Kaylee McKeown’s Mobile Phone Meltdown, A Message From Regan Smith And The Fastest 200IM In The World This Year

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SPARTANS 1-2: Sunshine Coast girls Kaylee McKeown and Tessa Wallace are like sisters...growing up in the same Pelican Waters Pool, so this was a special moment tonight. Photo Courtesy Delly Carr (Swimming Australia)

Kaylee McKeown’s Mobile Phone Meltdown, A Message From Regan Smith And The Fastest 200IM In The World This Year

A mobile phone that went into meltdown, five hours sleep after getting to bed at 1.30am and a congratulatory text from her main rival were all part of Kaylee McKeown’s world record breaking night in Adelaide.

But it was back in the pool tonight after some encouraging words from coach Chris Mooney before Australia’s latest swim star, added her second event for Tokyo 2021.

Twenty-four hours after breaking Regan Smith’s 2019 world record in the 100m backstroke, McKeown was back in the fast lane at the SA Aquatic and Leisure Centre in Adelaide winning the 200m individual medley in the fastest time in the world this year.

The 19-year-old USC Spartan from Queensland’s Sunshine Coast backed up for a comfortable win in a new Australian All-Comers record of 2:08.19 (27.71; 1:00.38/32.66; 1:37.71/37.34; 2:08.19/30.48) – the fastest time in the world since 2019 when Hungarian “Iron Lady” Katinka Hosszu continued her world medley domination.

Kaylee McKeown breaks Commonwealth and Australian Record, 100m BACKSTROKE Final, 2021 Sydney Open, Sydney Olympic Park Aquatic Centre , May 15 2021. Photo by Delly Carr / SOPAC. Pic credit is mandatory for complimentary editorial usage. I thank you in advance.

DOMINANT: The best is yet to come in the Kaylee McKeown IM. Photo Courtesy: Delly Carr / SOPAC.

Kaylee McKeown dominated from the outset and was never headed swimming away with team mate, 2012 London Olympian Tessa Wallace second in 2:11.79 and Meg Bailey (Hunter) third in 2:12.88.

Revealing after the race that previous world record holder, USA’s Regan Smith had again messaged her last night with McKeown wishing her all the best for her US Trials in Omaha Nebraska.

“No doubt they’ll be pretty fast over there….I’m all for supporting our team mates…even if they are from other countries.,” said McKeown, explaining how her night unfolded.

“My phone charge went pretty flat pretty quick and …I did the best I could recovery wise…I tried to get to sleep and I couldn’t…..the adrenalin was still pumping….so to get up this morning was pretty amazing.

“I went to bed about 1.30am and woke up at 6am – so no complaints there – still got five hours in.

“But backing up; that was the toughest thing I had to overcome this morning there was a lot of fatigue and I said to coach Chris Mooney ‘I don’t know how this is going to go this morning.’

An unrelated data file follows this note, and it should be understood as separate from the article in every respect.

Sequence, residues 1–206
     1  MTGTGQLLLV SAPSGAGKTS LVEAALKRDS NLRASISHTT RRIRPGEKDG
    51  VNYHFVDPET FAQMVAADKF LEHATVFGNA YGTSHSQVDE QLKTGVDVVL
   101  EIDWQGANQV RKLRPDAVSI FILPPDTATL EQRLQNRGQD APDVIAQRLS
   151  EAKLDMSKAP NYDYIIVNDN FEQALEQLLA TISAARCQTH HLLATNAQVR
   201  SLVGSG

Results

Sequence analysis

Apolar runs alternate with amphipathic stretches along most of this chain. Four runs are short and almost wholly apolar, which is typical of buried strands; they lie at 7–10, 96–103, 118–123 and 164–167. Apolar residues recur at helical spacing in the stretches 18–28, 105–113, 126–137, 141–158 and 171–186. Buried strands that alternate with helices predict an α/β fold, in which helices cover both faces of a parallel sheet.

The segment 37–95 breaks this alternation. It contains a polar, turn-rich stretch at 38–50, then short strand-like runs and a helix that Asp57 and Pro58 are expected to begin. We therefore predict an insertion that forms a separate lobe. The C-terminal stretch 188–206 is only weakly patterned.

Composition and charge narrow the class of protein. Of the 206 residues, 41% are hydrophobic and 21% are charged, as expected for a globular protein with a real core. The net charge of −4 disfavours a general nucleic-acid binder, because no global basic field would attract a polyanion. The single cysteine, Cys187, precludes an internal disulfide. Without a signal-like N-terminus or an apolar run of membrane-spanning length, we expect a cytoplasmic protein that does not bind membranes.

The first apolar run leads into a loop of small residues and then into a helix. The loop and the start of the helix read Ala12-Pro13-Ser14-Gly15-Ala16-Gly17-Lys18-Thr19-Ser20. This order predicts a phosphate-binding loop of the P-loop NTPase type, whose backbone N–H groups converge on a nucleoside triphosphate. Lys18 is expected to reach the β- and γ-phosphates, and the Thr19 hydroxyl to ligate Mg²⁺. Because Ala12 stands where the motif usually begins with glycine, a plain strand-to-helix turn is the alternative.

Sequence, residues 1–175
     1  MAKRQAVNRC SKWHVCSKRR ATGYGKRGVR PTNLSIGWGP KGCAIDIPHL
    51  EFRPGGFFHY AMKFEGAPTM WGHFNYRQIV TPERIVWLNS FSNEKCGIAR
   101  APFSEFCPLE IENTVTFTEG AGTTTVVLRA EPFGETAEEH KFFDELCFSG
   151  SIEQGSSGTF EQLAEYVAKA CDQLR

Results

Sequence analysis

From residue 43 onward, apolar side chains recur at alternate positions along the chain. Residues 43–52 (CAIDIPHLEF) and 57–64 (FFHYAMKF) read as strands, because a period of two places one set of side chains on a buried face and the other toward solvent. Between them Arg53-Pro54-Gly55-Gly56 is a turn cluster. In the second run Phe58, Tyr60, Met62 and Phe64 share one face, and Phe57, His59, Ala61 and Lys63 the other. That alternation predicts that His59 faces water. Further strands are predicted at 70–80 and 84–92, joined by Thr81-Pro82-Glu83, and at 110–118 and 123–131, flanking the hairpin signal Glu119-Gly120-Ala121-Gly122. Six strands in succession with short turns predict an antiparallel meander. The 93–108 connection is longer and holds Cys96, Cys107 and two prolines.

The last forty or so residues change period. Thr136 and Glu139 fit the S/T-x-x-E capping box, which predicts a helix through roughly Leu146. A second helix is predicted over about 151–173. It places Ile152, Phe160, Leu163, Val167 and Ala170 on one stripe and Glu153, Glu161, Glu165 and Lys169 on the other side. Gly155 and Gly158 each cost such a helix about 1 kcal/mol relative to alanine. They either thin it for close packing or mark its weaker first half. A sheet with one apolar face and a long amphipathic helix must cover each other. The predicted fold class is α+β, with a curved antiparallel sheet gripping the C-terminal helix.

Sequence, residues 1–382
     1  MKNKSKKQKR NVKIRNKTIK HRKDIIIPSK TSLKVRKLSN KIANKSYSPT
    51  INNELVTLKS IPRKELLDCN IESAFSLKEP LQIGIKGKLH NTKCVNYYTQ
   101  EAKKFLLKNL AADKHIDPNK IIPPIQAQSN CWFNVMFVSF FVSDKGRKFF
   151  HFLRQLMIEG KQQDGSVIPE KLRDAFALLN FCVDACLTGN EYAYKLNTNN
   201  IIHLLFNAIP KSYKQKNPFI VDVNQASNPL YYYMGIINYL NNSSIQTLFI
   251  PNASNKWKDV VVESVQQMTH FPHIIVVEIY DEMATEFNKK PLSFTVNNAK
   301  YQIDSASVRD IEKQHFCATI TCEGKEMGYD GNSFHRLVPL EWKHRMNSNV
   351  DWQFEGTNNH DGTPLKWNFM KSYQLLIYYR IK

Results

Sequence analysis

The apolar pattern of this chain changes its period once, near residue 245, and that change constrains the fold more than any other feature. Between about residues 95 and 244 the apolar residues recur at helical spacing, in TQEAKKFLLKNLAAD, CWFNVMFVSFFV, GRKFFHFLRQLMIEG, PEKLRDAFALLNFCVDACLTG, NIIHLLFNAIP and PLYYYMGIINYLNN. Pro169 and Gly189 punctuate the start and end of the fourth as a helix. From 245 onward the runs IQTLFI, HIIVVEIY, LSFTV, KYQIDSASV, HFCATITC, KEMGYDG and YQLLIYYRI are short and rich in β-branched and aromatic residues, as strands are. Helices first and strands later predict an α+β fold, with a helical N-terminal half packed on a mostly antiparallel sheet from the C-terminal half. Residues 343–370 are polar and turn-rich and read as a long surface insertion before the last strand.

“He was really good – he understands – he said ‘just give it your best – no pressure.’

“To have a coach like that is pretty amazing in itself.”

And on the execution of the 200IM?

“I definitely need to improve on my turns a lot more – I noticed myself, just taking a bit of a breather on the wall,” said Kaylee McKeown, before rushing off to find her mum Sharon for another mother daughter hug.

“But no complaints….it was under the qualifying time –I can’t ask for much more…..”

You get the feeling there is a lot of improvement to come in this one.

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JACK ATTACK: Jack McLoughlin in full flight in the 800m freestyle. Photo Courtesy: Delly Carr (Swimming Australia).

Meanwhile in the 800m freestyle, 400m qualifier Jack McLoughlin (Chandler) stormed home over the final 200m to swim the Olympic qualifier in 7:42.64 with Rackley’s Tommy Neill (third in the 200m freestyle and assured of a place in the 4x200m freestyle relay) agonisingly close to the 7:48.12 qualifying time of 7:48.65 and an automatic individual swim, with his fellow Damien Jones coached team mate from Centenary in Brisbane, Sam Short third in 7:56.81.

In the 200m butterfly, Nunawading’s Matthew Temple (1:55.25) produced a courageous fightback in the closing stages to snatch the men’s 200m butterfly from the fast finishing TSS Aquatic’s Rio Olympian David Morgan (1:55.40) and Temple’s team mate, National champion and pacesetter Bowen Gough (1:55.88), fading ever so slightly under the flags to miss the team by 0.44.

Swimming Australia photographer Delly Carr was poolside to capture the agony and the ecstacy of one of the toughest events on the Olympic swimming program…and these images tell the story of what it means to make the Olympic Team and what it means to miss out…..

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FISTFULL: Matt Temple fought back to win the Trial – what a moment for the scaffolder from Nunawading. Photo Courtesy: Delly Carr (Swimming Australia)

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WELL ARMED: David Morgan fought on to finish second and qualify for his second Olympic team.Photo Courtesy:Delly Carr (Swimming Australia)

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WE’RE OFF TO TOKYO:David Morgan and Matthew Temple. Photo Courtesy: Delly Carr (Swimming Australia)

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HEARTBREAK: Bowen Gough comforted by Nunawading team mate Matthew Temple after his training partner missed the team, beaten by a touch. Photo Courtesy Delly Carr (Swimming Australia)

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THE AGONY: National champion Bowen Gough after realising his Olympic dreams were over. Photo Courtesy Delly Carr (Swimming Australia)

1 comment

  1. Wendy Jane

    Who can teach me? How to swim